Recycler gas cap vent issue

Patrick L

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Can someone tell me what the deal is with the gas cap on my 2 year old Toro Recycler mower? The mower has always shown classic vent issues (ie after 15-20 minutes, the mower wants to shut down, so if I loosen the gas cap it runs fine. If I re tighten it it runs for another 15 -20 minutes, then the whole thing repeats.)

The cap itself is an odd affair. Its a two piece design. If you take it apart is has an inside compartment filled with something granulated, looks like gas saturated coffee grounds. I would love to just replace it with any universal type cap, but the one I bought (2 1/8 inch, just like what's on there) has a different thread pattern or something. All my old Craftsman mowers just had the caps with either the metal disk of a vented rubber gasket, and they always worked fine.

Any one give me any direction here? I actually like the mower, barring this one issue.
 

ILENGINE

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Welcome to the world of EPA emissions. That coffee ground material is activated charcoal to capture the gas fumes from escaping the tank. If they are gas soaked they become ineffective and basically destroyed and will require the cap to be replaced. The tank should be set up with what looks like a lower internal full mark than older tanks use to be. that is to prevent the gas from contaminating the charcoal, but the issue is people tend to overfill the tanks or cause gas to splash up and damage the cap or in the case of larger engines the charcoal canister can be bricked in the same fashion.

The cap threads were also changed to prevent people from using the old vented caps which haven't been allowed since 2012.
 

bertsmobile1

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Welcome to the new world of EPA idiots saving the planet ( in their own mind ) while making things 1000 times worse.
The granules you see are charcoal designed to trap fuel vapours & prevent them escaping into the air where you mowers fume will kill every living thing on the planet.
Once it get wet, hen dust , pollen etc in the air being drawn into the tank sticks to the carbon rendering them useless then proceeds to block off the air passage so you get a vacuum lock that you have correctly diagnosed.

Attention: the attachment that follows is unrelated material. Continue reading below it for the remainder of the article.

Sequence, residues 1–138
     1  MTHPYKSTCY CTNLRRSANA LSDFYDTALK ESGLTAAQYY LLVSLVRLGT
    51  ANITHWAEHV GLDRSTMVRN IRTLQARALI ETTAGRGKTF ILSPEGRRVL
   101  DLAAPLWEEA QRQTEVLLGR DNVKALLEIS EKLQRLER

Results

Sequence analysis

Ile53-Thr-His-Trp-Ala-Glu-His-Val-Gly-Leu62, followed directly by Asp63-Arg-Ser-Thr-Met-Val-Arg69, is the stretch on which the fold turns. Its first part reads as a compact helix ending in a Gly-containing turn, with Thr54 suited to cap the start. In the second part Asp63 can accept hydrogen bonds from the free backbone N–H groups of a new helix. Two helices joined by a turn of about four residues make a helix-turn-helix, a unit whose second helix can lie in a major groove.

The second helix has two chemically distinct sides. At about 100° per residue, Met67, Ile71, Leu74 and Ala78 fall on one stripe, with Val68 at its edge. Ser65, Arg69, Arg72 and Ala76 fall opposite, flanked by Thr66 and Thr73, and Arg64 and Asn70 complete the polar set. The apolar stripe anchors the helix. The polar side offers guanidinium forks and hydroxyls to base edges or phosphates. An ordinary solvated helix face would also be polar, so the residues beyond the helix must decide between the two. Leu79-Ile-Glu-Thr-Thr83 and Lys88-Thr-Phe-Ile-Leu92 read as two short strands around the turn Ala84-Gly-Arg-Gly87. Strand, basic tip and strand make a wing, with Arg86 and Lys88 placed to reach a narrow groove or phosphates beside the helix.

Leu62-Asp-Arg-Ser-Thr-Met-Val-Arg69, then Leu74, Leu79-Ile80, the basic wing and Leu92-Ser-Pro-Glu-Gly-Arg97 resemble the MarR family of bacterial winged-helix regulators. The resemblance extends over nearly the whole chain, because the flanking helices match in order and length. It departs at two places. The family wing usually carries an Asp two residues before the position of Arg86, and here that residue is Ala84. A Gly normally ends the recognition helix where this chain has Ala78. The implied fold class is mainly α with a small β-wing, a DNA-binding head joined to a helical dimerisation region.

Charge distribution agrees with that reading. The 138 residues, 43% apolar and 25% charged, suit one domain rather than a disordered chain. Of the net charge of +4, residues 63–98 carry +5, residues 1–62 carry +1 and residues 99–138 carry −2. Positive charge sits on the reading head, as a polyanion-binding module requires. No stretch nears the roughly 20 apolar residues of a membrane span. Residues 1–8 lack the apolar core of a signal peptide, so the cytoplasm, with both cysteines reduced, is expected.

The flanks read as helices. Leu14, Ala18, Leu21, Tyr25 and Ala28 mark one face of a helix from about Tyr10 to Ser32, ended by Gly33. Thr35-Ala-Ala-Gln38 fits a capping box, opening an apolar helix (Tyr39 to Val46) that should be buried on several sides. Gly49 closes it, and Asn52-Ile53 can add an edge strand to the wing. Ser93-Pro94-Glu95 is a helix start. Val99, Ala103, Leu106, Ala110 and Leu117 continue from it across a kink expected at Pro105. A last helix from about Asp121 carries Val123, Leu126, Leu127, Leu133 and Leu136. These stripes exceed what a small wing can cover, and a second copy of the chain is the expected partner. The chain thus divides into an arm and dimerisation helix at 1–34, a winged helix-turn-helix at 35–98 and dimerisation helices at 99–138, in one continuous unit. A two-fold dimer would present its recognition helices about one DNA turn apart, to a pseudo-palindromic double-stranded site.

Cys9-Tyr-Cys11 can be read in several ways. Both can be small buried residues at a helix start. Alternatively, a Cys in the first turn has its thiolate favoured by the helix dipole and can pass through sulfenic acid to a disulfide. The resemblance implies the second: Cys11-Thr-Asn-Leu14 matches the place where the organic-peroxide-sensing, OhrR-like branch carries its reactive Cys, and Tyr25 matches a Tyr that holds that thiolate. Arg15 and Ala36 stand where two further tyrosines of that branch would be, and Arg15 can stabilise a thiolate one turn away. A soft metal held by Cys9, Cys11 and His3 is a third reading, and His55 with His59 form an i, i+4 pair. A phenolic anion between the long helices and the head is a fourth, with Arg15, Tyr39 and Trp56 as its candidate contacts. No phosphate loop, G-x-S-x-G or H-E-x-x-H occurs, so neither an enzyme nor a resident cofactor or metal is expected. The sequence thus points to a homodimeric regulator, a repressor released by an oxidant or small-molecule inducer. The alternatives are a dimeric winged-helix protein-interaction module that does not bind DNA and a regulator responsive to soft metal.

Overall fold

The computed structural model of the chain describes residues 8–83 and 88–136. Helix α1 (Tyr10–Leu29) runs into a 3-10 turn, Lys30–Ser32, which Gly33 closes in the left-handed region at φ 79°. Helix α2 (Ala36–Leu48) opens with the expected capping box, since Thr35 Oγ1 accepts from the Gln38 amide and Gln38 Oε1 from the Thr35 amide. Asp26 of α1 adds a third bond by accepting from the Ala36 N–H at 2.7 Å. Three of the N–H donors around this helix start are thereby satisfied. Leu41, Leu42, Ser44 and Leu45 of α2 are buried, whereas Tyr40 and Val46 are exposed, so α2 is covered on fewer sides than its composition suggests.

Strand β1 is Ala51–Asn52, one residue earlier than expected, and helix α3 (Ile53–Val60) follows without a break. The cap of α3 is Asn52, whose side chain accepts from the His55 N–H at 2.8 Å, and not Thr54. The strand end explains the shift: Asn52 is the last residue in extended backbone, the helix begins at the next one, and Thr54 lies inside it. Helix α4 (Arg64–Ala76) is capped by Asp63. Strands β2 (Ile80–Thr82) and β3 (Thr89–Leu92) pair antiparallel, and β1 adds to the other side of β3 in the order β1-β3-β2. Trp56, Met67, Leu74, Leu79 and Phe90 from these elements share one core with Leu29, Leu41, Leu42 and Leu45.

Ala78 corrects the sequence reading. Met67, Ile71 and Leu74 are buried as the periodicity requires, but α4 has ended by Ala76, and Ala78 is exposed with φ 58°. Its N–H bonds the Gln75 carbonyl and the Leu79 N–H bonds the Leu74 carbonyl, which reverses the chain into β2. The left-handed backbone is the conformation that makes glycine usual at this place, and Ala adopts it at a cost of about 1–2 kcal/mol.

Usually an earlier cap will be a direct replacement.
Otherwise rip the charcoal out and shove some air filter foam in there to stop fuel sloshing out of the cap.
Also should you do this just remember that tampering with an "anti-pollution device" can leave you open to massive fines in a lot of places.
 

ILENGINE

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Currently not a big issue, but the potential is there for homeowners to be fined up to $3,850/day and $38.500/day for a dealer. Under Trump the EPA has kind of backed off, but during Obama there was cases where the Feds raided lawnmower shops looking for violations. Toro dealers got inspected a few years ago because Toro released some mowers too early and they had arrived at the dealers with the following years compliance stickers.
 

bertsmobile1

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Thanks about the thread update, some thing I have not come across.
AFAIK the only EPA raid down here was at a field day looking for dealers selling off illegal non compliant mowers.
Tier II comes into play july 1 2020 so their will probably be some more around then looking for non compliant chain saws & line trimers.
But the poster must be warned.
What he dose is up to him just so long as he is fully informed.
 

ILENGINE

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As of 2010 in the USA there is nothing from stopping an EPA agent checking homeowners that are mowing their yards.
 

bertsmobile1

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I would guess that it is the same here.
A riding friend used to be with the local equivalent.
He carried his inspectors warrant in his wallet which allows him to enter any property including secret government installations & the card itself states that preventing his entry can earn you 10 years behind bars & fines over $ 1,000,000 .
So he could have walked down the street & checked every lawn mower if he really wanted to but he does have enough common sense not to.
What was interesting was apparently the bulk of the fines issued by the EPA was for refusing entry, not for pollution.
 

Patrick L

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Thanks for all the replies. Your diagnosis and explanation of what the deal was with that cap was spot on!

OK, so how about this. Since the charcoal is saturated with gas, which is highly evaporative, what if I spread it out on something absorbent, like newspaper, and let it dry out. Then I could put it back in the magic cap, and be more careful not to let that happen again.

Then I'd be compliant, no?
 

bertsmobile1

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Glad you have it sorted because this will become a very common problem.
For a lot of reasons which I barely understand but can at least follow ( sort of ) the charcoal can not be revived .
Once it has been saturated it can no longer adsorb fuel fumes unless it it is crushed a bit finer revealing fresh surfaces .
However once fully dried it should vent properly so you would be 1/2 way there and we promise not to tell:thumbsup:
 

primerbulb120

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On many newer engines, the fuel tank is simply vented into the air intake (the idea being that any fuel fumes escaping will be burned by the engine. Haven't seen a gas cap with charcoal in it yet, what brand engine is this?
 
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